Moving forward, my piece will no longer be merely about one family or one plot of land, rather, it will encompass a myriad of issues both contemporary and historical, as well as predictive. When I imagine presenting my piece, I imagine a conglomeration of Thoreau style writings, pointing out the things that are innate to me and missed on most. I see a narrative that is Leopold like in its threaded connection to all that is around. Stylistically a mix between a TED talk, Moth Radio Hour and Def Jam.

A complicated story to tell but an important one. We all must grapple with our pasts in order to correct our futures. When all is said and done, hopefully this piece will inspire real, lasting change.

Thoreau said, “I went to the woods because I wished to deliberately, to front only the essential facts of life, and see if I could not learn what it had to teach, and not, when I came to die, discover that I had not lived.” This is my goal and state of our union is my Walden.

The Story of Little Bluestem

Page 5My final CNP project encompassed writing a children’s book titled “The Story of Little Bluestem.” In an effort to discuss the role of climate change in Iowa, this story told the history of Iowa’s native tallgrass prairie from the viewpoint of one prairie grass, Little Bluestem. My book was aimed at children with the goal of encouraging kids to understand the benefits of prairie grasses in a state where virtually all the land has been groomed to promote the monoculture of corn grass. Iowans may not see the immediate impacts of climate change but our land management is tied to climatic change in numerous ways. There are a few villains throughout the story, the Unsettlers, a green Deere, and industrialized agriculture. However, the story finishes with a hopeful perspective from the Restorers fighting to save the tallgrass prairie. All of the imagery featured in the book was taken travelling around much of the state to capture the heart of Iowa. If possible, I may pursue publishing this book since I was unable to find any children’s books about Iowa’s prairie grasses and its important role in the history of Iowa. I thoroughly enjoyed participating in the Spring 2016 CNP class and this experience was very eye opening on how to better tell the message of climate change to encourage forward-thinking action.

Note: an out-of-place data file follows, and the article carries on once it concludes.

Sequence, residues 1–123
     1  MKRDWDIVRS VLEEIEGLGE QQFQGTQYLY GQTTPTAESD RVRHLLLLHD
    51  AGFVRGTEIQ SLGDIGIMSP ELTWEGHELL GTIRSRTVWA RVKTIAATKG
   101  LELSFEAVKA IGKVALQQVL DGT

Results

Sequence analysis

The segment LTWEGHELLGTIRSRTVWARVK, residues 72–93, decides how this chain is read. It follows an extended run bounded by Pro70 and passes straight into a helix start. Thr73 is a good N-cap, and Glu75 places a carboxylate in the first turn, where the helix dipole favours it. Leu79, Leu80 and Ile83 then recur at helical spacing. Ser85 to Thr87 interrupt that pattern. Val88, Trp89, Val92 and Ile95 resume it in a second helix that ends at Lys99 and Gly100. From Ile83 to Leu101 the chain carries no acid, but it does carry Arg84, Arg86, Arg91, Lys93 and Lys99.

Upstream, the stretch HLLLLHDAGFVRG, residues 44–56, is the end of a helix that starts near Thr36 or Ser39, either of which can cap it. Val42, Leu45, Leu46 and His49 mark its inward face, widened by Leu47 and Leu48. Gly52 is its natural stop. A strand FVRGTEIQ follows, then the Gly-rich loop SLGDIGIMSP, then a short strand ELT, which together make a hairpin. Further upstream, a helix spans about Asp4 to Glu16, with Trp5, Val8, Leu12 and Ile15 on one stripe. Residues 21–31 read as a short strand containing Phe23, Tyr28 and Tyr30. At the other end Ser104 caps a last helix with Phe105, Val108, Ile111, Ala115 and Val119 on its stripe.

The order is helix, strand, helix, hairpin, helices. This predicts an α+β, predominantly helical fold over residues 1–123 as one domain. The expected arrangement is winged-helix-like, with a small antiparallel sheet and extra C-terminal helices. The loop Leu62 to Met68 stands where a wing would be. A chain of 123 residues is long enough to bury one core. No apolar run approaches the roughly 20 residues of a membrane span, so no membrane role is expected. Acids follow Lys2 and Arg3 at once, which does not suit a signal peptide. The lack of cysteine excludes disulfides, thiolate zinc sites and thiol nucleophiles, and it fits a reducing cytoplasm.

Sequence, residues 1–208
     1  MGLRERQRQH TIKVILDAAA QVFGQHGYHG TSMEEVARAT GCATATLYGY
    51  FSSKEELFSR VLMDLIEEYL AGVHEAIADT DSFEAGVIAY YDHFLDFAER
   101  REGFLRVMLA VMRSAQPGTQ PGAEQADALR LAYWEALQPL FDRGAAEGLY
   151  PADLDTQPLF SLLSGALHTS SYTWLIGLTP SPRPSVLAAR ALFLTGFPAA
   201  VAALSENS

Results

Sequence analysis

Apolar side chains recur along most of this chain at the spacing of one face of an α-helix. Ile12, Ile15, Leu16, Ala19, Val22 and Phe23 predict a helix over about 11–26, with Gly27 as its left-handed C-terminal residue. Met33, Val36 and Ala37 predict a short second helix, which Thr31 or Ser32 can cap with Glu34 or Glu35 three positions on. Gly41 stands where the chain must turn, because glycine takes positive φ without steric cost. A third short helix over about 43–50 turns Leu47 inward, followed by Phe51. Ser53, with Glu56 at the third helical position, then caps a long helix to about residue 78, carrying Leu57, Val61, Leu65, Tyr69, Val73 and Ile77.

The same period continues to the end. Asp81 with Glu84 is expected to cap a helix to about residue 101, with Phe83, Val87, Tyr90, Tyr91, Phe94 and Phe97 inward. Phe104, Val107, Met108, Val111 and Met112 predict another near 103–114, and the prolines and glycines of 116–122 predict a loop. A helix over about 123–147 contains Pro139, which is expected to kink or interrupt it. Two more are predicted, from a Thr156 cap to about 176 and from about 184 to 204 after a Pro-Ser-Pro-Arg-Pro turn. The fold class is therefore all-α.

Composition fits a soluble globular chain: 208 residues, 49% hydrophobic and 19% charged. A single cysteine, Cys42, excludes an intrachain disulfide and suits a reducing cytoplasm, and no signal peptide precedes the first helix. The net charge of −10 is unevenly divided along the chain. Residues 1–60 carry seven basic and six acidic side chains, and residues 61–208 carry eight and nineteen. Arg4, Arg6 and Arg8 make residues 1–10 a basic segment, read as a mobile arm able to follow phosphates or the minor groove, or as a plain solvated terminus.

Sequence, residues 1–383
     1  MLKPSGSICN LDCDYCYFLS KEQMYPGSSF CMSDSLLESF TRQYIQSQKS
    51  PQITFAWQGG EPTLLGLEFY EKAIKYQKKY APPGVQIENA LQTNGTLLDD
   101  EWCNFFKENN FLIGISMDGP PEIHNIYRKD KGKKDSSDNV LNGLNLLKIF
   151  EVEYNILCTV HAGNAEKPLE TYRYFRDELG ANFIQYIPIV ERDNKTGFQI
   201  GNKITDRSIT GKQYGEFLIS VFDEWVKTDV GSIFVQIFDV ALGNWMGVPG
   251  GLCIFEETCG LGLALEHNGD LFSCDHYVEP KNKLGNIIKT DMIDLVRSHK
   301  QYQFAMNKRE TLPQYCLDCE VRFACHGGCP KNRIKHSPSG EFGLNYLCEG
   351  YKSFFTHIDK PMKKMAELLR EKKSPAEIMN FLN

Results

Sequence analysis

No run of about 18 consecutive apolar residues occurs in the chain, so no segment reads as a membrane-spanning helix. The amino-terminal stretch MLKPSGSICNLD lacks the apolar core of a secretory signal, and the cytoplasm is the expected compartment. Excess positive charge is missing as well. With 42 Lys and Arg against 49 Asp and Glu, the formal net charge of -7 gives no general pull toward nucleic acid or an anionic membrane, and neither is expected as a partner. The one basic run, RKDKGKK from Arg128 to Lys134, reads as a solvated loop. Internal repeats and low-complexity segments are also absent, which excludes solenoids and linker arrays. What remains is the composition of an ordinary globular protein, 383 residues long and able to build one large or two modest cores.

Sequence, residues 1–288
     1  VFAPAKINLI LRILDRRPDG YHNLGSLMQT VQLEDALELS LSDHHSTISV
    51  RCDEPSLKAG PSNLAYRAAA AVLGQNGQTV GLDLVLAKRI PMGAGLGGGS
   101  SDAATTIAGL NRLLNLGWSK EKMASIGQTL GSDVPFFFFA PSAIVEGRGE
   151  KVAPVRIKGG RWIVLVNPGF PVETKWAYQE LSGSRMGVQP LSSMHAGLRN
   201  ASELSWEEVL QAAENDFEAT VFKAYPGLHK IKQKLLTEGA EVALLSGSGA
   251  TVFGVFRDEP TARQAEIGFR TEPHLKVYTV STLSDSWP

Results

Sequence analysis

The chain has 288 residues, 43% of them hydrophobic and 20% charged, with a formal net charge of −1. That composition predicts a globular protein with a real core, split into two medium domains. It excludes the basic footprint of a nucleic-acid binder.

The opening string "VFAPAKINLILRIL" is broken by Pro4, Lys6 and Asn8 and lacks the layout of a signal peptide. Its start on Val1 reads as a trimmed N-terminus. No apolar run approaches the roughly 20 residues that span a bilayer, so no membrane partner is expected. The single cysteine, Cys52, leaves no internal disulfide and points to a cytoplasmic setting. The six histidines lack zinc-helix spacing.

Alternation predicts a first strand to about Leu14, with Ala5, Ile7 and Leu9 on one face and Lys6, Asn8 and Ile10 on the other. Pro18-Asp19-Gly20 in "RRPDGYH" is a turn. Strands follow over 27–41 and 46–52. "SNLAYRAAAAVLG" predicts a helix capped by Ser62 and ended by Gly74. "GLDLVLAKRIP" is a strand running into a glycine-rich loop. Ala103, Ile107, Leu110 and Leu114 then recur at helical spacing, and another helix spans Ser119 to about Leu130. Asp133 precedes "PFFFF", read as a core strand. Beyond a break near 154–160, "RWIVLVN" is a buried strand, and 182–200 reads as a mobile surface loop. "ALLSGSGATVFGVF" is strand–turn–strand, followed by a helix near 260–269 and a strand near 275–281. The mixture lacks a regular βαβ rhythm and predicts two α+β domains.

Road Trip Across Iowa